Farewell, Princess.


It is with heavy hearts that we all learned this morning of the passing of Carrie Fisher.  While deservedly famous for her career as an actress, a writer, and mental health advocate, she is dear to this community’s heart, and I am sure that we are all experiencing some similar form of grief, disbelief and shock.



If you’re a member of the Fanedit.org community, there is no need to recount the history. Star Wars is literally a foundation upon which this community grew from, and while the site has expanded far beyond this specific set of films, Star Wars remains a common glue that binds us together. Star Wars is simply not Star Wars without Carrie’s portrayal of Princess Leia, a key component of a triumvirate of characters which elevate Star Wars to something so much more than a ‘space opera’. Remove one piece of that puzzle and it falls apart, and now her piece is gone, leaving a gaping hole that leaves us all hurting deep inside.



George Lucas created a character that was a revelation in terms of women’s equality, but it was Carrie who breathed life into the feisty princess in a way no other actress could have. I’d say that it is hard to separate the qualities that made us love Leia from the qualities that made Carrie, Carrie. The Princess was brave, bold, confident, vulnerable, witty and strong because that is what Carrie was. When I was 5 years old, every boy wanted to marry Princess Leia not because she was beautiful (though she was certainly that) but because she was simply.. kick-ass awesome. Likewise every girl I knew wanted to be her. She not only redefined what girls could aspire to be, but also what boys, who would grow into men, would expect to see and value in women.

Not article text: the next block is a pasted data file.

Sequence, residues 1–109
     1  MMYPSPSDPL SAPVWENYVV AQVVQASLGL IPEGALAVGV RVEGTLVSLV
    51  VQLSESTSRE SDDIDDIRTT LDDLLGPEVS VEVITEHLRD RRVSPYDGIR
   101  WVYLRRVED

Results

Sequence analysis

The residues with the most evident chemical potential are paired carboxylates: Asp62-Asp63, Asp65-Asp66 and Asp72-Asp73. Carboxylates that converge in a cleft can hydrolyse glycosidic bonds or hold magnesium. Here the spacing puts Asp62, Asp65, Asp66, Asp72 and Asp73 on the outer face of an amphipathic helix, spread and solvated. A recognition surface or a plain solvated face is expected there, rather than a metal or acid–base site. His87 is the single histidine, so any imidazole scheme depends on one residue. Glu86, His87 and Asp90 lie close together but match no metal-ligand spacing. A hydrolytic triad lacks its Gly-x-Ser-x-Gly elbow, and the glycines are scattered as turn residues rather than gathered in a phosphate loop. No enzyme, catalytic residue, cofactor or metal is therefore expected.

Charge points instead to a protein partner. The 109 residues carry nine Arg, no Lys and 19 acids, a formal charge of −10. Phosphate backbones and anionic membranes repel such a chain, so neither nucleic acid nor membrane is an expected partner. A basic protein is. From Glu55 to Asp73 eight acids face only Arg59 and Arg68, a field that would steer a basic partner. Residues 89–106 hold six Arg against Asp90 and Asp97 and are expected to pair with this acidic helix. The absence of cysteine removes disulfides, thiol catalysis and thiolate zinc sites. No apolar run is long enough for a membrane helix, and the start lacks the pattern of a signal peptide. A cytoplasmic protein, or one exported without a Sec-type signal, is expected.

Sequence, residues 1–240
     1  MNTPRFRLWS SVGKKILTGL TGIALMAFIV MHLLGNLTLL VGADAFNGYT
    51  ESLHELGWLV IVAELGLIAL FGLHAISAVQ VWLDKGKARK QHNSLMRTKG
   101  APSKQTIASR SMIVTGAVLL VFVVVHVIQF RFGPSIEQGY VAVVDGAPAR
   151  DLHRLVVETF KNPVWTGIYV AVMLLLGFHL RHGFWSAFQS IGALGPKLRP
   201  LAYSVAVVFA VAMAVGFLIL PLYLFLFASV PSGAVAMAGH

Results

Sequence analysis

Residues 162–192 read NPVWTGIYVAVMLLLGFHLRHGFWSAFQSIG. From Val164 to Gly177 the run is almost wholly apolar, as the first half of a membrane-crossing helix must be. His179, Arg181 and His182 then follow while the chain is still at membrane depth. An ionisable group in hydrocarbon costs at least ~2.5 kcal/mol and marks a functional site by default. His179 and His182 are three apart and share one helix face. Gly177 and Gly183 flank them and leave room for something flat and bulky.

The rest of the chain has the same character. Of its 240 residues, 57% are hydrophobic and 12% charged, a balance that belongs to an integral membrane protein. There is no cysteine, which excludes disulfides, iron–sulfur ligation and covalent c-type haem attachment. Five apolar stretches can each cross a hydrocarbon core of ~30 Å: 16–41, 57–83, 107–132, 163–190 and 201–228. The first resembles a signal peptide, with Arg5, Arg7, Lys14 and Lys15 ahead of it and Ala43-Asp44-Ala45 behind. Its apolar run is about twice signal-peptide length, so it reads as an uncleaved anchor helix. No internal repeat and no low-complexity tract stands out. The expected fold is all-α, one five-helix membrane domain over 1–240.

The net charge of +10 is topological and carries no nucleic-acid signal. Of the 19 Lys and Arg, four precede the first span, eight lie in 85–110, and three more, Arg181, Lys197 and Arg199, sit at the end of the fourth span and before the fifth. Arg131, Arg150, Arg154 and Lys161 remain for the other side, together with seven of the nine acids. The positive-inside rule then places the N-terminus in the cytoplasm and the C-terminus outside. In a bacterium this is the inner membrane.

Carrie’s life was complex. One of her greatest, bravest gifts was to not just not hide from her demons, but to share them and put them in our faces. She refused to be defined by anything conventional, not by her looks when she was young (or old), not by the role of Princess Leia, not by her celebrity parents, or her mental health. She refused to fit in a box and spent her life exemplifying bravery, vulnerability, and above all, truth to one’s self… a lesson we can all benefit from.



We all have our own personal stories and connections to her, and each is as important and valuable as the next, but I take comfort in knowing that while the pain, sadness, and emptiness that I feel this morning is shared a thousand times over, it is overshadowed by the joyful memories we also all have in common thanks to her.

onstage during the 33rd AFI Life Achievement Award tribute to George Lucas at the Kodak Theatre on June 9, 2005 in Hollywood, California.


We have lost someone truly amazing, who helped bring to life something so much bigger than the individual parts that went into making it. She will always be our Princess.




May the Force be with you Carrie. You are one in a million.


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